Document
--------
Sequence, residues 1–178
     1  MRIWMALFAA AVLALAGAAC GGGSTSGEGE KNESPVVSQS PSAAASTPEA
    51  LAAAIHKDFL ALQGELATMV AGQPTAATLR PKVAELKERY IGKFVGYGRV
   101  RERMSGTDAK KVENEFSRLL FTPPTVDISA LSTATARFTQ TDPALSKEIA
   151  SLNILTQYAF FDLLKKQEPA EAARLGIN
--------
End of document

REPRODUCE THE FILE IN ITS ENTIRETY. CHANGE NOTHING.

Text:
Sequence, residues 1–178
     1  MRIWMALFAA AVLALAGAAC GGGSTSGEGE KNESPVVSQS PSAAASTPEA
    51  LAAAIHKDFL ALQGELATMV AGQPTAATLR PKVAELKERY IGKFVGYGRV
   101  RERMSGTDAK KVENEFSRLL FTPPTVDISA LSTATARFTQ TDPALSKEIA
   151  SLNILTQYAF FDLLKKQEPA EAARLGIN